As one of eight funded projects, Matsumoto proposed to explore how communities can be inclusive of older adults with diverse conditions, including dementia. The pandemic interrupted her plans for a research trip to Japan, where the large population of older adults has inspired a number of trials and projects for integrating people with dementia into the community through daily activities.

So she considered an alternate challenge: how to foster intergenerational communication while in isolation. A surprising catalyst emerged: the Japanese art of haiku.

Students have found that studying haiku helps them notice the natural beauty around them more often, Professor Yoshiko Matsumoto said. (Image credit: Andrew Brodhead)

The power of five-seven-five

A haiku is a three-line poem – traditionally about nature – with five syllables in the first line, seven in the second, and five in the third.

The form’s simplicity puts younger and older poets on fairly equal footing, Matsumoto said, and makes it an easy entry to conversation and collaboration. She conducted a pilot study in which students met with local older people over Zoom to create haikus together, and then analyzed the recorded sessions. Seeing a positive response, she developed the course inspired by her findings.

Students and older adults who may have declining cognitive function bring different strengths to writing haiku, Matsumoto said.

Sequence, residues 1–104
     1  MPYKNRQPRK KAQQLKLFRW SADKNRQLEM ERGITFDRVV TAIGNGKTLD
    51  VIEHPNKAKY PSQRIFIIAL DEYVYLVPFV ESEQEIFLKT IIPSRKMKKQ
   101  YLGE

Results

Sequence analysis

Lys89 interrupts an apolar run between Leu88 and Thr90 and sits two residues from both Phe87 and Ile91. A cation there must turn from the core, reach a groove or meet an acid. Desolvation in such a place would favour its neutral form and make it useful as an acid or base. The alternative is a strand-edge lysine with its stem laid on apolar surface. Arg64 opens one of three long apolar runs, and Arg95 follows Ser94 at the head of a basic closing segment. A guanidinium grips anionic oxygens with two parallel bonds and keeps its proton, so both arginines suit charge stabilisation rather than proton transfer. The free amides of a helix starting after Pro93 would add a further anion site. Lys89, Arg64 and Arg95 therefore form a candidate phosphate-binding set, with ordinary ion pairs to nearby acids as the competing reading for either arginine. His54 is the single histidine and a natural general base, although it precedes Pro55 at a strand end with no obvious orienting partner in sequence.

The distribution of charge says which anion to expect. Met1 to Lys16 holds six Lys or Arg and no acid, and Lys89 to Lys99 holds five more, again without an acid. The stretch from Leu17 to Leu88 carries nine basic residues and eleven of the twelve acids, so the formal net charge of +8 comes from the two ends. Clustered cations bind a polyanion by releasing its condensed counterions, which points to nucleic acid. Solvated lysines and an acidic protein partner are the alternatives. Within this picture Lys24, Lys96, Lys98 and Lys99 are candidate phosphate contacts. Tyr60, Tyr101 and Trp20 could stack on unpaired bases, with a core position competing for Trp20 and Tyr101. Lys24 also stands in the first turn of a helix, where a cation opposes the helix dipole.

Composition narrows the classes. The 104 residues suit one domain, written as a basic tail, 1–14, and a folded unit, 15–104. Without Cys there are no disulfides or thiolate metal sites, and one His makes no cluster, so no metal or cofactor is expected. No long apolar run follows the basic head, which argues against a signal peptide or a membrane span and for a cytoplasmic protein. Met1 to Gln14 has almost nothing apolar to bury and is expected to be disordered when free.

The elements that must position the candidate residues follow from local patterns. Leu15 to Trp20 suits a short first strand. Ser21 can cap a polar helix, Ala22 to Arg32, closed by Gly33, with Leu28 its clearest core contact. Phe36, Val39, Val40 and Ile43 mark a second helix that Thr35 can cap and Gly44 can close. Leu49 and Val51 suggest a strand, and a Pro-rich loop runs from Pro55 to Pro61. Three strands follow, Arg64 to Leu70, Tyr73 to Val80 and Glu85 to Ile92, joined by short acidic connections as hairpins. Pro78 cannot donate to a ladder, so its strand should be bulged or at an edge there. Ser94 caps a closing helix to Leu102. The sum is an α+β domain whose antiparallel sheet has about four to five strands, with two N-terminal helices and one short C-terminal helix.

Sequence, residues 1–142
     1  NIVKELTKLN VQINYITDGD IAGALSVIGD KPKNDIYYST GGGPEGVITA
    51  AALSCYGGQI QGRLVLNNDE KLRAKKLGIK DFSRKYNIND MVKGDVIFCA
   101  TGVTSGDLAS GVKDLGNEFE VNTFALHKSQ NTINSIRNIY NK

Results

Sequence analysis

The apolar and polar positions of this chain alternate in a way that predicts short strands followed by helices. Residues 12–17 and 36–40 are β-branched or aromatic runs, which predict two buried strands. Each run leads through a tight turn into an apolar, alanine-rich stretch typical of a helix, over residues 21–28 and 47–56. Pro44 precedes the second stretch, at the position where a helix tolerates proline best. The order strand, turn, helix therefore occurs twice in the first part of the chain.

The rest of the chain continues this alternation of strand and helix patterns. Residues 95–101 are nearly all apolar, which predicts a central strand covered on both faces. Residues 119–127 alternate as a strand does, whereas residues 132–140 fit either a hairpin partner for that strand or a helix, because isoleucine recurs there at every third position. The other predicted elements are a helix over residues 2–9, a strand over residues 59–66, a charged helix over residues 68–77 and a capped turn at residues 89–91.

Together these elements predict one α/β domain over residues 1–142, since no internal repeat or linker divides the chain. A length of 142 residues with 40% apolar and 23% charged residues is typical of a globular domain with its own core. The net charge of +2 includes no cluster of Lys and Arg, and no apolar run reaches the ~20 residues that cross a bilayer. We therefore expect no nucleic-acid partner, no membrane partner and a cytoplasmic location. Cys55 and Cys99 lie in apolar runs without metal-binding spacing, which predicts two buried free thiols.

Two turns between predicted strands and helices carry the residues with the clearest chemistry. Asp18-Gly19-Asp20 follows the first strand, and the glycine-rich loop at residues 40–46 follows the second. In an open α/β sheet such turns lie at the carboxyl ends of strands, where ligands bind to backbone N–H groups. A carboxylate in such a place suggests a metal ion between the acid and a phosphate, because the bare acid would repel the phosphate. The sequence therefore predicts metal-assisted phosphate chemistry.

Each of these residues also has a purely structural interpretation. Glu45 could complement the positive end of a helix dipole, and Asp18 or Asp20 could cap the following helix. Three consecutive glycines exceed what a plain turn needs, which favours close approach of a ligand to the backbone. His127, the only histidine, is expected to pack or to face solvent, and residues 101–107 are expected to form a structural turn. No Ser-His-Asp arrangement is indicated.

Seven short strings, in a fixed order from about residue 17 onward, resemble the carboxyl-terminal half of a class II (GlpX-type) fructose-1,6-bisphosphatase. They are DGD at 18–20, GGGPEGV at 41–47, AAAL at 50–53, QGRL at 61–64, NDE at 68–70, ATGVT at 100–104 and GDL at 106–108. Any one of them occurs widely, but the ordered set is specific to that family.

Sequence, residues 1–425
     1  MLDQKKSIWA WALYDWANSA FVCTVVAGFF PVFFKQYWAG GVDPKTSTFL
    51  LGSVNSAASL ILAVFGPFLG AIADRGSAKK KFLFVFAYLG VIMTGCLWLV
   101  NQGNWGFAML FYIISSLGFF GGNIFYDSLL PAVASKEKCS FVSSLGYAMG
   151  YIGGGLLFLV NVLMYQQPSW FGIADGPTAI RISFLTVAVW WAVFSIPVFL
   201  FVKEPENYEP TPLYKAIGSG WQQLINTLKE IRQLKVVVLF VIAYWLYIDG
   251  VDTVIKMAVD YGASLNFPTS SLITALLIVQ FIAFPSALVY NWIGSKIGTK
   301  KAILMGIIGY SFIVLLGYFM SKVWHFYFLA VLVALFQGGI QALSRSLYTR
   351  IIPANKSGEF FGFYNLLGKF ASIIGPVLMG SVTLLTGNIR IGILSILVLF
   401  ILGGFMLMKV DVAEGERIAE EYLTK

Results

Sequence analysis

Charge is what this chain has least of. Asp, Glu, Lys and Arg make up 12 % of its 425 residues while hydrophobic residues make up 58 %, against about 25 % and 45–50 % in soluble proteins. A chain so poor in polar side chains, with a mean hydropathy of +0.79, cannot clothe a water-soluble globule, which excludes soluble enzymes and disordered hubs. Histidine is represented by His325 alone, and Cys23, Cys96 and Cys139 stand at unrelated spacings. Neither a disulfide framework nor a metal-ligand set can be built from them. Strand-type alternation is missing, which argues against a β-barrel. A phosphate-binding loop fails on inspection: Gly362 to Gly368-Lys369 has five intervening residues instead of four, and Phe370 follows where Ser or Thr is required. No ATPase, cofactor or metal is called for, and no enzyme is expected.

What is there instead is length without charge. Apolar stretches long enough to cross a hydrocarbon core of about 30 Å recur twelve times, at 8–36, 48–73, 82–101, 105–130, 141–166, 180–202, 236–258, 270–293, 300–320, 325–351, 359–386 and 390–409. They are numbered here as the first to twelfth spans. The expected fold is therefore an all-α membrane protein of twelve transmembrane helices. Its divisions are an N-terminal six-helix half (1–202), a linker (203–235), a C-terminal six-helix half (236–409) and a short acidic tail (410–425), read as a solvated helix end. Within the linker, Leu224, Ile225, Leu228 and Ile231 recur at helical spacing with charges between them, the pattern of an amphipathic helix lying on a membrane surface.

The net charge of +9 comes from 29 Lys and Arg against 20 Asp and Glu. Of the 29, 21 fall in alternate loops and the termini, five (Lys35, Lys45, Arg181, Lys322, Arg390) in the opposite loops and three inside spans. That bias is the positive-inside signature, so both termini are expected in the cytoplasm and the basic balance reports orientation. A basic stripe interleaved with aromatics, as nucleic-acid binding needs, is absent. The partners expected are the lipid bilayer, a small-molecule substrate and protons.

“Haiku is like a snapshot of scenery or emotion, like drawing impressions,” Matsumoto explained. “So even if someone can’t really create a very logical sentence, that is actually a benefit rather than a detriment.”

And students “may be able to think very clearly with great verbal ability and vocabulary but in terms of poetic feelings, they don’t have deep life experience and they may feel uncomfortable doing this with people who are older.”

Creating haikus together often leads to discussing other topics and interests, Matsumoto said. “They can create a personal connection from that conversation, and they can be curious about each other, rather than being told to talk about themselves.”

The course is open to undergraduate, graduate, and medical school students, and has drawn interest across a wide range of disciplines, including aeronautics, economics, human biology, Asian American studies as well as literature and linguistics.

Matsumoto said it’s been rewarding to hear students talk about how learning haiku has impacted them.